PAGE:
If you are reading this while sitting down, you might want to stand up for moment.A new editorial published in the British Journal of Sports Medicine suggests that people who sit still for prolonged periods of time — such as desk workers or coach potatoes — have a higher risk of disease than those who move a muscle every now and then in a non-exercise manner, such as walking up the stairs to grab a cup of coffee.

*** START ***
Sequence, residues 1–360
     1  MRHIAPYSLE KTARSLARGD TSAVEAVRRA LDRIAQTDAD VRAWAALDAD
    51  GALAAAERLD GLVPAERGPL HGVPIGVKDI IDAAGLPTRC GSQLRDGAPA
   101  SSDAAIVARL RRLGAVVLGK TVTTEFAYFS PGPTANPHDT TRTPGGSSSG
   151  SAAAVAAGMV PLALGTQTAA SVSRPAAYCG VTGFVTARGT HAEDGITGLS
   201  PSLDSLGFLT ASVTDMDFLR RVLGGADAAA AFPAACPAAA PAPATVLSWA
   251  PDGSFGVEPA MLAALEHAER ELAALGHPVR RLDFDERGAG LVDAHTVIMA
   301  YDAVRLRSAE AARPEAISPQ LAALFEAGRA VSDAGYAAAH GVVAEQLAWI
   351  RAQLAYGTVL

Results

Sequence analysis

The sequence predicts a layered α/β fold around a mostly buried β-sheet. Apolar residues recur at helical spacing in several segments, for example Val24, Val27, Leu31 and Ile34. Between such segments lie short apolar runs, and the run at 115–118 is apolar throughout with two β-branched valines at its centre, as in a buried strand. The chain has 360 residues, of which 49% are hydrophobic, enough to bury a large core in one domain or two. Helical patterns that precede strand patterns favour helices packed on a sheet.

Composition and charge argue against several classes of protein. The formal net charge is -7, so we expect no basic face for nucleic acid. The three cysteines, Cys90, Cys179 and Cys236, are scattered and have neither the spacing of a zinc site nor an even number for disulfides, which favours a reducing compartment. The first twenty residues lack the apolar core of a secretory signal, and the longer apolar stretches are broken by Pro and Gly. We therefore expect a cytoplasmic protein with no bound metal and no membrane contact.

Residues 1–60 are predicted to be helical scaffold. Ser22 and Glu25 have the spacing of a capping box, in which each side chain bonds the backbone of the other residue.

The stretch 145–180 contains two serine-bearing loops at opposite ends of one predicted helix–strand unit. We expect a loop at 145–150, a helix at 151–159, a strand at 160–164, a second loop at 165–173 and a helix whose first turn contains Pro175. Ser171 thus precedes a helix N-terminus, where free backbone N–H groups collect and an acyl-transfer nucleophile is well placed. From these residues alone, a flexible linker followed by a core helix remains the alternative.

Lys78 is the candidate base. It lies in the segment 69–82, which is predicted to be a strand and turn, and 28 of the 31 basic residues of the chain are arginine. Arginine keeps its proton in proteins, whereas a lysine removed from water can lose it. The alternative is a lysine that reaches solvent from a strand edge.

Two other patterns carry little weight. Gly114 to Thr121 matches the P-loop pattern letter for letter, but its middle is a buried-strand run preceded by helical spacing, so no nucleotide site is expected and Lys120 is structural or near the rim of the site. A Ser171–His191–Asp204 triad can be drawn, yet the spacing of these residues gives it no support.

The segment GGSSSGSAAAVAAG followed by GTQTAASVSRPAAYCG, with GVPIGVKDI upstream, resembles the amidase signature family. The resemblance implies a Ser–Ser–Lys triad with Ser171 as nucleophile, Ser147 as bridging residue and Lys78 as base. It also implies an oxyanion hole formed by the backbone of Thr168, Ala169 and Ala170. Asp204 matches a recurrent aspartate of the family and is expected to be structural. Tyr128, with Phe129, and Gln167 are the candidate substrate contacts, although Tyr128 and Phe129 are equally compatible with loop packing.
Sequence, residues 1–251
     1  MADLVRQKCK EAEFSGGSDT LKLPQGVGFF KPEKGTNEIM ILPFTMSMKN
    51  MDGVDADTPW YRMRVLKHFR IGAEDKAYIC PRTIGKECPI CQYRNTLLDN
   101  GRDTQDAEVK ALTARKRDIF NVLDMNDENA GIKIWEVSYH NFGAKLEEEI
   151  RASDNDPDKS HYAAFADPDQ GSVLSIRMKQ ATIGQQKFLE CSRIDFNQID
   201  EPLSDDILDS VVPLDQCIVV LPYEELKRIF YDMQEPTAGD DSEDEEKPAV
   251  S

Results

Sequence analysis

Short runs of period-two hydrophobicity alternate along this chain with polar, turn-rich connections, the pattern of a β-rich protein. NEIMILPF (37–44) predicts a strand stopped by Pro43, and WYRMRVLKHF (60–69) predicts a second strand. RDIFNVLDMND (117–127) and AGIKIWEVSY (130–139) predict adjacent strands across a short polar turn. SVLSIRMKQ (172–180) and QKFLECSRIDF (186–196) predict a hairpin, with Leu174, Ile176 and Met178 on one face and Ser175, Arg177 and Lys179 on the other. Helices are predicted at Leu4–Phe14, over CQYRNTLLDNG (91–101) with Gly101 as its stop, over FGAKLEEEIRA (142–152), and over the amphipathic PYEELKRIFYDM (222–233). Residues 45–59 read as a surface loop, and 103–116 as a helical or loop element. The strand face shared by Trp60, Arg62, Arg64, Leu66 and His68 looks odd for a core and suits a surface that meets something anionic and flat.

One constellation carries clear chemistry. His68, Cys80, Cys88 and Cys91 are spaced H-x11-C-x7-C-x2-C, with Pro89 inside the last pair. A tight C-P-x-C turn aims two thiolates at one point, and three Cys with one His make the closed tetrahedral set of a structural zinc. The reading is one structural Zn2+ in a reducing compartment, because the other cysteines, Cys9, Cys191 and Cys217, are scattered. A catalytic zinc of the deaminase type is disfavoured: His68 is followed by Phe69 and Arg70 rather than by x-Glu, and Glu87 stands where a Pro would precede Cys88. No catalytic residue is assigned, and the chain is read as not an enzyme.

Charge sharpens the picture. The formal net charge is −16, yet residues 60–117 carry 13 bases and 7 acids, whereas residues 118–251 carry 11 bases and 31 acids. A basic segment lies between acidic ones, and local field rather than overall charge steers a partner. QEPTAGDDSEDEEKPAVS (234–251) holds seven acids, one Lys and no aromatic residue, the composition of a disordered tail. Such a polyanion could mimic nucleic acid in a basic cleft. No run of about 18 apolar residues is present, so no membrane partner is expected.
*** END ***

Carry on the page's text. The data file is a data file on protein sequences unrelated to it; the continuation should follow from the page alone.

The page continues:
Prolonged sitting promotes a lack of whole-body muscle movement, which the Swedish-based researchers say is the more correct way to define sedentary behavior. Many people mistakenly believe the term “sedentary” refers to people who do not exercise. But the research team proposes that sedentary behavior is instead a distinct class of behaviors, unrelated to a lack of exercise, that boost bad health. Behaviors can include habits like TV watching. For example, recent evidence has shown that sitting in front of the TV for hours on end can raise your risk of early death from heart disease. A woman’s risk of metabolic syndrome, a precursor to diabetes and heart disease, jumps 26% for every extra hour she sits in front of the TV, according to one cited study. Whole-body muscular inactivity associated with prolonged sitting has also been strongly linked to obesity and even certain types of cancer.